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Run The Jewels 3

Run The Jewels

Run The Jewels, Inc.


by Trevor Paxton

“You walk into this room at your own risk, because it leads to the future. Not a future that will be, but one that might be. This is not a new world; it is simply an extension of what began in the old one.” (Opening excerpt from “Thieves! (Screamed the Ghost)”)


Run The Jewels, the collaboration between Brooklyn rapper/producer El-P and Atlanta rapper Killer Mike, actually began before the group was ever officially formed. After the two MCs were introduced in 2011, El-P produced the entirety of Killer Mike’s 2012 album R.A.P. Music, and Killer Mike was featured on El-P’s album Cancer 4 Cure of the same year. The two then toured together to support their respective releases, and, as they say — the rest is history.


2014’s Run The Jewels — the group’s debut release — carried the fiery momentum of El-P and Killer Mike’s newfound collaboration, and Run The Jewels 2 saw El and Mike wax angrier, hungrier, and more explicit in their disdain for the political and cultural landscape. In a May 2016 interview with then-presidential candidate Bernie Sanders, Killer Mike gave what could very well be the Run The Jewels mission statement: “This country was started as an act of political protest.”


Run The Jewels 3 is the duo’s pinnacle release; while the album may seem on first listen to lack the bombast and animosity of RTJ2, it still hits just as hard — and hits smarter. This is a collection of songs that showcases Run The Jewels’ place atop not only the world of artfully crafted protest music, but at the top of the entire rap game.


Even RTJ’s album artwork — their signature finger gun vs. fist-gripped jewels — showcases their evolution. RTJ1 introduced the zombified stick-up. RTJ2 showed the same hands wrapped in bleeding, tattered bandages, still pointing at a fist carrying a gold chain. RTJ3 is the first album to not showcase the fist carrying actual jewelry; instead, the hands are unwrapped and gold-plated. Run The Jewels no longer need to steal — they’ve become the jewel.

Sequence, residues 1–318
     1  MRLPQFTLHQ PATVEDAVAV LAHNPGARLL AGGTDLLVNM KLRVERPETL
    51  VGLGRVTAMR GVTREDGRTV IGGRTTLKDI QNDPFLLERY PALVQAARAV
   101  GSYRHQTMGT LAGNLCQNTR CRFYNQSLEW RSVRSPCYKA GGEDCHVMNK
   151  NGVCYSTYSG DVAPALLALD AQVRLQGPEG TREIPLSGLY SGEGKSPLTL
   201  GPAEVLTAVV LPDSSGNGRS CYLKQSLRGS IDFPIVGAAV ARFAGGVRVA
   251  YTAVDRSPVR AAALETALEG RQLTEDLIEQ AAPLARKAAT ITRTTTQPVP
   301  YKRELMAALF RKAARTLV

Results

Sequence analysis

With an incendiary conservative regime salivating in the wings waiting for inauguration day, Run The Jewels waste no time taking shots at the President-elect. “Went to war with the Devil and Shaytan,” Mike raps on lead single “Talk To Me” (“Shaytan” is Arabic for “Satan”) before continuing, “He wore a bad toupee and a spray tan.” El-P takes his jabs at Trump later in the album, most notably on the incredible album closer “A Report to the Shareholders/Kill Your Masters.” He starts the song off by rapping, “Beware of horses / I mean, a horse is a horse of course, but who rides is important.”


The group hits their stride on the album’s most cautionary and world-weary track, “2100 (feat. BOOTS).” Released the day after Donald Trump was elected to office, the song is a guide for navigating (read: surviving) the upcoming administration (“Make love, smoke kush, try to laugh hard, and live long / That's the antidote / You defeat the devil when you hold onto hope,” Mike raps), but it is BOOTS’ hook that serves up the song’s most poignant moment: “Save my swollen heart / Bring me home from the dark / Take me up, take me up, take me up.”


While El-P and Killer Mike’s back-and-forth, set-and-spike delivery is the album’s bread and butter, it is El-P’s production that truly sets Run The Jewels 3 apart from past releases. On “Talk To Me,” El-P likens himself to legendary producer Rick Rubin — and RTJ3 only serves as yet another validation of that statement. His production is tighter than ever, and the album is far and away the best-produced work of Run The Jewels’ discography.


While revealing that he needed to be briefed on who Killer Mike actually was when the rapper became one of his most vocal supporters, Senator Sanders said, “[His] name got me a little bit nervous,” but added, “Killer Mike has never killed anybody. It’s just, he’s a killer rapper.”


So goes Run The Jewels’ music — it might make you a little nervous, but at the end of the day, it’s just killer rap music.

Song You Need To Hear: "A Report to the Shareholders/Kill Your Masters"

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